A May, 2012 decision by the federal Administrative Review Board (ARB) spells bad news for contractors subject to compliance review data collection by the Office of Federal Contract Compliance Programs (OFCCP). The question before the ARB was whether the period for which OFCCP can request data is limited by federal regulation (41 CFR Sec. 60-1.20(a)(1)), and the Federal Contract Compliance Manual (FCCM), the “rules book” for OFCCP’s compliance officers.
In the Frito-Lay case, OFCCP requested that the company provide workforce data for 2 years after the initial compliance review period, after OFCCP identified adverse impact. The company refused, citing the OFCCP Scheduling Letter, which only requests data for the previous AAP year and current AAP year (if more than 6 months into the current plan). In addition, Frito-Lay cited OFCCP’s regulations and the FCCM, which establish the time period for potential discrimination cases as only back 2 years from the date of the scheduling letter.
OFCCP disagreed, stating that the regulations grant them authority to request data as they did, and that contractors should not be permitted to use the FCCM, an internal agency document, to object to data requests.
In rejecting OFCCP’s arguments, the administrative law judge (ALJ) who first heard the case held that contractors are not required to preserve and provide data outside of the compliance review period, that OFCCP’s reliance on the FCCM makes it reasonable for the contractor to rely on FCCM provisions for compliance purposes, and, finally, that the FCCM’s 60-day window for compliance review completion makes a 2-year data request unreasonable.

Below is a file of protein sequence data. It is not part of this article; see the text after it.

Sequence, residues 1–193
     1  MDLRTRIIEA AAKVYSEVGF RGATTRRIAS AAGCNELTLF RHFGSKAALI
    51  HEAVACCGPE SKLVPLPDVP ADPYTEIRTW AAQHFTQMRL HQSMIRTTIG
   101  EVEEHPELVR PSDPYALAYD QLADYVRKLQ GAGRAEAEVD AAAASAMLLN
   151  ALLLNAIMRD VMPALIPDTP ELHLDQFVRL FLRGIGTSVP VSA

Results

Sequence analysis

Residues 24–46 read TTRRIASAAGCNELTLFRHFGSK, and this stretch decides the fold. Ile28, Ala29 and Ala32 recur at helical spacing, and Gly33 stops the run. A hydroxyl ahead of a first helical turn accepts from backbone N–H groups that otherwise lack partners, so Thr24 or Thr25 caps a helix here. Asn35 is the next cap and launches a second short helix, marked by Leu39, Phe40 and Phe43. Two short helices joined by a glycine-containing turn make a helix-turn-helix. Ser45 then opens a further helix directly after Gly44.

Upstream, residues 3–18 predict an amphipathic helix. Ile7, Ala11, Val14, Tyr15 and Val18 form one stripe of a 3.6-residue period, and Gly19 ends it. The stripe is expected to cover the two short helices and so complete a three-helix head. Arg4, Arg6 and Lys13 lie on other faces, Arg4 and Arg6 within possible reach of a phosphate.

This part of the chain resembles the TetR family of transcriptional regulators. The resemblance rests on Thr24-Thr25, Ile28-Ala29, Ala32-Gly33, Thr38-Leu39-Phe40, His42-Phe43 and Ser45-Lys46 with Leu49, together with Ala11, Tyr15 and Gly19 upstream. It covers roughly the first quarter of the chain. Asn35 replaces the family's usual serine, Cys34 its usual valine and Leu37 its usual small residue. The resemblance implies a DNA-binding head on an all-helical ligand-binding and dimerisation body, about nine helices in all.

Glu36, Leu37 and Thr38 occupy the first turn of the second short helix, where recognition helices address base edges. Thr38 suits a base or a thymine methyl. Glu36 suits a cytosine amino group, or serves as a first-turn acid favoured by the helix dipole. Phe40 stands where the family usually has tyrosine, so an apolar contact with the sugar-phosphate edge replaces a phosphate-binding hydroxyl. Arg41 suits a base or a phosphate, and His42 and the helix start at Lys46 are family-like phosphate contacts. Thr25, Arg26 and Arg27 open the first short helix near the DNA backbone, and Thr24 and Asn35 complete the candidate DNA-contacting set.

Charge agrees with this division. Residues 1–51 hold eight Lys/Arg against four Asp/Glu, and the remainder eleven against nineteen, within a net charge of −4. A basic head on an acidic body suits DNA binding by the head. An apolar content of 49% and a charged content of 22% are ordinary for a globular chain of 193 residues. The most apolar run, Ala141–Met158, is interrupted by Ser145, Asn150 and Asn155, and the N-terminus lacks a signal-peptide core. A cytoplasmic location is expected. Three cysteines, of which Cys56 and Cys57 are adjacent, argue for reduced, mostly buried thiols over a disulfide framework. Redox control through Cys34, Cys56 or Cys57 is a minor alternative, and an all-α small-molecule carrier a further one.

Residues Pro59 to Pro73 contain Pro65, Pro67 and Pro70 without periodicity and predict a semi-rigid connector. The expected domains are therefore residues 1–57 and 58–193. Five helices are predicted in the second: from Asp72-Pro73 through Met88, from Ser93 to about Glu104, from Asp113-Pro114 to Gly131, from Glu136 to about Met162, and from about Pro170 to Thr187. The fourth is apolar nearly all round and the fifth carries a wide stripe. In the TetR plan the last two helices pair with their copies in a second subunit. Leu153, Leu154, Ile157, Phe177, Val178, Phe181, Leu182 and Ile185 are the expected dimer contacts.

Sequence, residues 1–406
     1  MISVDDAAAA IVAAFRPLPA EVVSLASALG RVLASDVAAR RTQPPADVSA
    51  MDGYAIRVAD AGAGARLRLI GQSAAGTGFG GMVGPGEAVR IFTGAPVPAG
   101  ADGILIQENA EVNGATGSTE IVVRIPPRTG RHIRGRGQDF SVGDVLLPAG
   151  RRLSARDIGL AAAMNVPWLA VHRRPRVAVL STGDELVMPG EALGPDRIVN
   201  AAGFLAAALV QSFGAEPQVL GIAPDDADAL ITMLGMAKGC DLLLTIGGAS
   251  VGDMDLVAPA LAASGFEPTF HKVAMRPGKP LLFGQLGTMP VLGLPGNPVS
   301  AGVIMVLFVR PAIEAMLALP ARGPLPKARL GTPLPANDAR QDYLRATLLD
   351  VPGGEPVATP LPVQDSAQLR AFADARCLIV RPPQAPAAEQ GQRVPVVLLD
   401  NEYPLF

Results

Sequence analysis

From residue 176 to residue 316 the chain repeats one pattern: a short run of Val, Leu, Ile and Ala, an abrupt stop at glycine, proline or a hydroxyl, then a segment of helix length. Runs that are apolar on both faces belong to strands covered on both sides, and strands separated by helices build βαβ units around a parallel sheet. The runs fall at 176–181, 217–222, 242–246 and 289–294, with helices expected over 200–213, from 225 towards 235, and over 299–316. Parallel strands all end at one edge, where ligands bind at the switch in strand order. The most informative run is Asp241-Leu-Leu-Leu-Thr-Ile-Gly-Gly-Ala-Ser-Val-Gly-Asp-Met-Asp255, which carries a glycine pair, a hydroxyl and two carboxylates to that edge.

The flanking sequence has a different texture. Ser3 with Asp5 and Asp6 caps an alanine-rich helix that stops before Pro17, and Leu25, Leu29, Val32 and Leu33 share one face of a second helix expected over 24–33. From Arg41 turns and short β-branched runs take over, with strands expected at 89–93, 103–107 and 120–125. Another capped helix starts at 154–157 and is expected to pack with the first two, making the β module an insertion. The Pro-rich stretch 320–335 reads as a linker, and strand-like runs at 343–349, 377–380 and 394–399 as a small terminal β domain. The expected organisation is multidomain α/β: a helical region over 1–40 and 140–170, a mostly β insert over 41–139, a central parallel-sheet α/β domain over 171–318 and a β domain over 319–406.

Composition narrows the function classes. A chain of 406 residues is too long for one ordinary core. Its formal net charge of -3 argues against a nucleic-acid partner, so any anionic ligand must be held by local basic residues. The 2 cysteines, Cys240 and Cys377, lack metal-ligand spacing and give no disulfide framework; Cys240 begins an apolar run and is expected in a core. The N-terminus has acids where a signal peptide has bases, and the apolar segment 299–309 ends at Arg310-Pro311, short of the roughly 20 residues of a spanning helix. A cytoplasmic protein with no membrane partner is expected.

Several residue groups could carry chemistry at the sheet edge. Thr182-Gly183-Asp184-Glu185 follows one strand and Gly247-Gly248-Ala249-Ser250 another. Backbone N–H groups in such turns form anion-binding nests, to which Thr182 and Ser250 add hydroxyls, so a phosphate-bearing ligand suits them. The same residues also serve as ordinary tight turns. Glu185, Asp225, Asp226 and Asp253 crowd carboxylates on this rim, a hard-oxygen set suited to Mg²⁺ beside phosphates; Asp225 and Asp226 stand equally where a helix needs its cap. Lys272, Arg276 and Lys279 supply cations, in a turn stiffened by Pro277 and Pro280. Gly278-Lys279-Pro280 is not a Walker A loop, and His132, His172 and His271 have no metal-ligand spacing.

The ARB’s decision
Unfortunately for contractors, OFCCP appealed the ALJ’s decision to the ARB, which reversed, holding that that federal contractors have an ongoing duty to comply with Executive Order 11246. The ARB ruled that OFCCP was empowered to pursue “a concern about statistically significant disparity in hiring women.” The ARB did note, however, that Frito-Lay had “objectively good faith reasons for” refusing to comply with OFCCP's request.
In spite of this, the ARB ultimately found that the request for 2008 and 2009 data was “narrow and motivated by the objective deficiency discovered during the 2007 desk audit,” and that as a result, the “request for 2 subsequent years [of data] is consistent with a proper disparate impact analysis.” Bad news for contractors.
The good news? The ARB did concede that its holding in this case was a narrow one, saying “[w]e do not address whether OFCCP has the ability to ask for post-Scheduling Letter data in all desk audits or where OFCCP has not objectively identified a concern about compliance." So, for contractors looking to limit the scope of a data request, the OFCCP may be required to objectively identify a specific "concern" before requiring a contractor to submit data past the date of the scheduling letter. Even better news—the ARB decision can be appealed to the federal courts.
BLR will be following any appeal of the ARB’s decision and report on story developments in future issues of this newsletter.